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Project Log:  Sunday, November 7, 2010

To begin, I sanded the newly-exposed area beneath the cockpit, where the fuel tank had been.  I cleaned up the rough tabbing edges and sanded the whole area clean to remove any remaining paint, dirt, etc.--you know the routine.

Sometimes, the only motivation for a given job is the thought that doing it means not having to do it tomorrow.  And so it was with the Treadmaster removal.  I felt I'd gone as far as I could using alternative means to remove the durable product, and now had to address the leftover adhesive and remnants of the Treadmaster.  I was rather looking forward to removing the final vestiges and moving on.  This meant lots of sanding; how long it would take, and how difficult it would be, remained to be seen, and I didn't know how far I'd get.

I'd not yet had time or motivation to arrange staging around the boat, in part because I wasn't yet sure how I wanted to best go about it, and in part because I'd been mainly focused on the interior of the boat so far.  Staging at a proper height would have made parts of the job easier to date, but I'd have to go on without it for the moment.

I decided to start sanding on the sidedecks, which were just narrow enough to be awkward to kneel in thanks to the deep bulwarks and high cabin trunk.  I could almost fit, but not quite.   This proved to be the most significant complicating factor in the day's sanding:  gaining enough leverage (i.e. weight pressure) on the sander to adequately cut the material.  Particularly at the aft ends of the sidedecks, where they were narrowest, shoulder room was minimal to the point that using two hands on the sander was nearly impossible, so I did most of the work one-handed until the decks widened sufficiently to allow a two-handed approach.

During an earlier test-removal run, I'd used my 4-1/2" angle grinder, equipped with a 36 grit angle flap disc, to remove some of the Treadmaster product.  I hated to use this powerful, difficult-to-control combination on any surface where a smooth appearance was desired, and fortunately the success of the power planer to remove the bulk of the material had obviated the need for the grinder in most places.

To remove the adhesive and remnants of Treadmaster, I chose my old standby right angle random orbit sander, aka DA, equipped with 40 grit discs.  This worked better than I'd anticipated, slowed mainly by my inability to use two hands on the tool.  Starting on the aft end of the starboard side, I worked my way forward to the foredeck, sanding off all the adhesive and whatever else remained on the deck surface.  Later sanding steps would take care of the sanding marks and remove any final tidbits of adhesive.

The starboard side went better than anticipated, so I moved right over to the port sidedeck and repeated the process.  Completing both sidedecks took about 75 minutes.


Pleased with the progress, spirits buoyed by the prospect of eventually being through with the Treadmaster forevermore, I pressed onwards and sanded the coachroof, eliminating the gray adhesive there.

The foredeck was where I'd had the least success with the planer.  Earlier in the week, my original set of blades had disintegrated while still working on the port foredeck, and the new set of cheap blades that I'd tried yesterday had accomplished nearly nothing.  So there was quite a bit of Treadmaster remaining, particularly in the center area and on the starboard side.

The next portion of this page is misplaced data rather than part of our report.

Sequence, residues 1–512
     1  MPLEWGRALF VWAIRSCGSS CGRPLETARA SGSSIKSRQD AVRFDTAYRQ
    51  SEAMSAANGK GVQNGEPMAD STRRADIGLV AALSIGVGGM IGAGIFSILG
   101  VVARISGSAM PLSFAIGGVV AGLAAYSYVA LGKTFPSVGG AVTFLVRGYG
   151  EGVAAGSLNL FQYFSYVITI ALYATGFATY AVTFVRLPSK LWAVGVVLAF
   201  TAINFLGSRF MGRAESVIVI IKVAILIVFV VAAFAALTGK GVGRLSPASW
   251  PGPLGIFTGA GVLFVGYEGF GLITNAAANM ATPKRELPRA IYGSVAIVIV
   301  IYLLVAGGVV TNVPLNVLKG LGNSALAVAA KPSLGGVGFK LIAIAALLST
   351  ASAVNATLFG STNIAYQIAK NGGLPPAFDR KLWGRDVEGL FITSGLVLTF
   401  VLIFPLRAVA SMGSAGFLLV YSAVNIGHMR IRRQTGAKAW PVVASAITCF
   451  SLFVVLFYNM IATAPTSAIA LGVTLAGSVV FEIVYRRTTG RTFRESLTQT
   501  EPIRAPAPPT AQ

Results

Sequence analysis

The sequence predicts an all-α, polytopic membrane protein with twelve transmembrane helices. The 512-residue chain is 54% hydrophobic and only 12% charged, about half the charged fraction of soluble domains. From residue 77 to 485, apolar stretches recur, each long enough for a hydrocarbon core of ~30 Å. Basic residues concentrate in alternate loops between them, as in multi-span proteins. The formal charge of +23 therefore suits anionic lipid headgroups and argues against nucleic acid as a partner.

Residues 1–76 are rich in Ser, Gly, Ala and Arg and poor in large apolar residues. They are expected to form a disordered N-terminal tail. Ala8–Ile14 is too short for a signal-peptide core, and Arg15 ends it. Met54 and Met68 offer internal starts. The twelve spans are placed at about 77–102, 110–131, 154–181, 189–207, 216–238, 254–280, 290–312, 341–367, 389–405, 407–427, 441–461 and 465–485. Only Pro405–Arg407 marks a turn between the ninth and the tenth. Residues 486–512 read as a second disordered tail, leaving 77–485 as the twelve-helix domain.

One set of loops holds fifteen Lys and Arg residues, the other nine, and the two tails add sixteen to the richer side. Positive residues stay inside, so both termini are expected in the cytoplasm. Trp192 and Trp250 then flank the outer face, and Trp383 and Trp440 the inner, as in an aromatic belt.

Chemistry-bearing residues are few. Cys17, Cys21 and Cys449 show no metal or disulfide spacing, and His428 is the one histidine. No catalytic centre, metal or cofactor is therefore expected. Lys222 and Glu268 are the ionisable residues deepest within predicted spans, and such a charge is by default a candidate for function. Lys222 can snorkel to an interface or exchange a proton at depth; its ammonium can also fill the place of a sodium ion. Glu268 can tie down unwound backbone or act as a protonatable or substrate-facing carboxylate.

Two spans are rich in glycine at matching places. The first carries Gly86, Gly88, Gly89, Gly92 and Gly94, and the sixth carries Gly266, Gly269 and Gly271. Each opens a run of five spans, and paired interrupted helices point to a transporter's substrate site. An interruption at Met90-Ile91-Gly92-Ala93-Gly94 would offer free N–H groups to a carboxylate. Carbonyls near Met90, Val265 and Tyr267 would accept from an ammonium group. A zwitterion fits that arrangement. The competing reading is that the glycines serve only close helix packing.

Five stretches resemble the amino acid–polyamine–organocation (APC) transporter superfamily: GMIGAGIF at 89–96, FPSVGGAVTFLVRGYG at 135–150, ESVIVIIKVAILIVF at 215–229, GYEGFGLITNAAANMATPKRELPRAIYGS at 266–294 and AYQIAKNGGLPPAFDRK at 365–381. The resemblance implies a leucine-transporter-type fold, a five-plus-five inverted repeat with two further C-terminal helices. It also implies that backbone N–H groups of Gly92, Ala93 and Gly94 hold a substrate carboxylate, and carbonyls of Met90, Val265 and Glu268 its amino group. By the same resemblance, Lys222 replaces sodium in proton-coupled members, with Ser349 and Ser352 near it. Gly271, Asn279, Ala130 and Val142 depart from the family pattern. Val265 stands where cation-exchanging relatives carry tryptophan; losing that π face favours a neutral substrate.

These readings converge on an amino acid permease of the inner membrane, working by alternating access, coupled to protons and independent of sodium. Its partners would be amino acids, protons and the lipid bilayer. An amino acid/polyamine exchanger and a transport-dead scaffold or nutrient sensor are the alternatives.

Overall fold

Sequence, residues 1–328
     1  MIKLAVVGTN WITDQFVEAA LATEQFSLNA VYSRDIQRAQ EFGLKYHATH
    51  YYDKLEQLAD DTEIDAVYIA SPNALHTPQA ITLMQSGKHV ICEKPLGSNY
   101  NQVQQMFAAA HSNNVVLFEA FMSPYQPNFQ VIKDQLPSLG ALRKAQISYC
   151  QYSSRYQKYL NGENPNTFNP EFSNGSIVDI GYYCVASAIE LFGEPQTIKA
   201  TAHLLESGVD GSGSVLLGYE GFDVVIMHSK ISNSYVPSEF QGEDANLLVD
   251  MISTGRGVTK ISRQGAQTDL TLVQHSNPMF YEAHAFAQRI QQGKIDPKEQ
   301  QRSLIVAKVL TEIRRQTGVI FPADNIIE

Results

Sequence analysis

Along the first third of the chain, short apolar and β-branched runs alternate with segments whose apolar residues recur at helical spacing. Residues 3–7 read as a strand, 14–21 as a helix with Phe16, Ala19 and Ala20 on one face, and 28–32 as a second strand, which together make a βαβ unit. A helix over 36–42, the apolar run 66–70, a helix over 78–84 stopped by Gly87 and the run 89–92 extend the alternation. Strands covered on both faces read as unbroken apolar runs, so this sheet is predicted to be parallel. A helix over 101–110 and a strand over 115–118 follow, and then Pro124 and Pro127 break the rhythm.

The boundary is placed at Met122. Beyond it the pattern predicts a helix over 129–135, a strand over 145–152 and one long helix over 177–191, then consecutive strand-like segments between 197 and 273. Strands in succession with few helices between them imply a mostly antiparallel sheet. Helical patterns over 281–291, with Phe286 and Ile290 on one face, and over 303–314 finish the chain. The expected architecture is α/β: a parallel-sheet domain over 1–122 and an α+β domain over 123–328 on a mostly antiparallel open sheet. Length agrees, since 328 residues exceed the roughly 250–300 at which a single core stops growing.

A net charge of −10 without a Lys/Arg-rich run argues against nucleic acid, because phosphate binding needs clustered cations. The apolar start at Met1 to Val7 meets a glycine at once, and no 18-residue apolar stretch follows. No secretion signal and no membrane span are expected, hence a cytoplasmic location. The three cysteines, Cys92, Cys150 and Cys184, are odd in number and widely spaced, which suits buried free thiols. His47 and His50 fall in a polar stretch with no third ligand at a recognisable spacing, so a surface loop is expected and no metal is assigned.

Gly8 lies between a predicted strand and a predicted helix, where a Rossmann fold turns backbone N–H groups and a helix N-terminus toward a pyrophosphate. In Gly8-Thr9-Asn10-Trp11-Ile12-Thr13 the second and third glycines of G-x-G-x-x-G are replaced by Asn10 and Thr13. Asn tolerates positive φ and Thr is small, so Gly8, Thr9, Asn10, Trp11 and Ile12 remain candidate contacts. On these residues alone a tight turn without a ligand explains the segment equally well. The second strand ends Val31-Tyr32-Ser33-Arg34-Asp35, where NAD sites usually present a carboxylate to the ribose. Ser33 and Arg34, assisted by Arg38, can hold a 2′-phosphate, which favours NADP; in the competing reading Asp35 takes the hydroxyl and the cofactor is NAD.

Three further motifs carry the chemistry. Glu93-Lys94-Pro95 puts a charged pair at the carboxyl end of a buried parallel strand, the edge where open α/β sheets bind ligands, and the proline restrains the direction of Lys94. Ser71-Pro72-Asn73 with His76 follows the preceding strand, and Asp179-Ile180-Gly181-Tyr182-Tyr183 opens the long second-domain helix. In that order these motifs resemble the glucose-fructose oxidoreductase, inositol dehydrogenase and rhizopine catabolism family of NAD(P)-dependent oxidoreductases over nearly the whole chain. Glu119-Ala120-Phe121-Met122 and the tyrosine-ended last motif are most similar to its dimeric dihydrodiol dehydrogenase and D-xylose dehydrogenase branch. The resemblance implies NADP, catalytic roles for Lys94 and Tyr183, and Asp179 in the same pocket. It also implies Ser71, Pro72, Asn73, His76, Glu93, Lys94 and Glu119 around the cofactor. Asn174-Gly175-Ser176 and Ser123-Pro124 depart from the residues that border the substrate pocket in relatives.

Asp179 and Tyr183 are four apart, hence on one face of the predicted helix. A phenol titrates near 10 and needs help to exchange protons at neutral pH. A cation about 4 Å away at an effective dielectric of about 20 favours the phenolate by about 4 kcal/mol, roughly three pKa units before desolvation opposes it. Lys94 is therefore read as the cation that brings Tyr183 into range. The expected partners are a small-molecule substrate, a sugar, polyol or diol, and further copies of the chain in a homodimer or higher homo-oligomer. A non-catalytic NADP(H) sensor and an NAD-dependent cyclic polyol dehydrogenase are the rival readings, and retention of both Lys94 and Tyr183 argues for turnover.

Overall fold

Here, I used my angle grinder with the aggressive flap disc attachment to remove the bulk of the material, taking it down through most of the cork till the gray adhesive showed through, but being as careful as possible to avoid going further.  This was surprisingly time-consuming and difficult, and strained the tool to the point that I had to give it a break partway through to allow the smoking motor to cool off; I parked it on top of my box fan to provide a steady flow of air through the motor housing.

While I waited for the grinder to cool, I used the DA to sand the port side of the foredeck, and then the narrow raised center section.  By then, the grinder had cooled to the point that I could use it to pare down the remaining Treadmaster on the starboard side, after which I used the other tool to wrap up the adhesive removal there.


I was most pleased to be done with this task, which had frankly been more difficult than I'd imagined in even my worst-case scenarios.  I always knew it'd be an unpleasant job, but was surprised by the tenacity of the Treadmaster adhesive, whatever it was (it wasn't epoxy), and its resistance to removal through heating and scraping.

A small amount remained in the cockpit, with the forward section of the sole covered with it (about 12" x 48"), and two slim sections on the cockpit coamings.  I'd deal with these sections later, when I got to work on the cockpit.

I cleaned up the day's mess and departed, extremely happy with how well the day's work had gone, and how productive and satisfying it had been. 


The day's work also demarked (to me, at least) a turning point in the project, and the beginning of a new phase of work.  All the major unbuilding, demolition, and interior surface prep was complete, and the project would now continue in a related, but different, direction, with exterior surface prep, repair work, and the beginnings of new structure all to come in the (hopefully) near future.

Click here for a summary of Phase I.

Total Time Today:  4.25 hours

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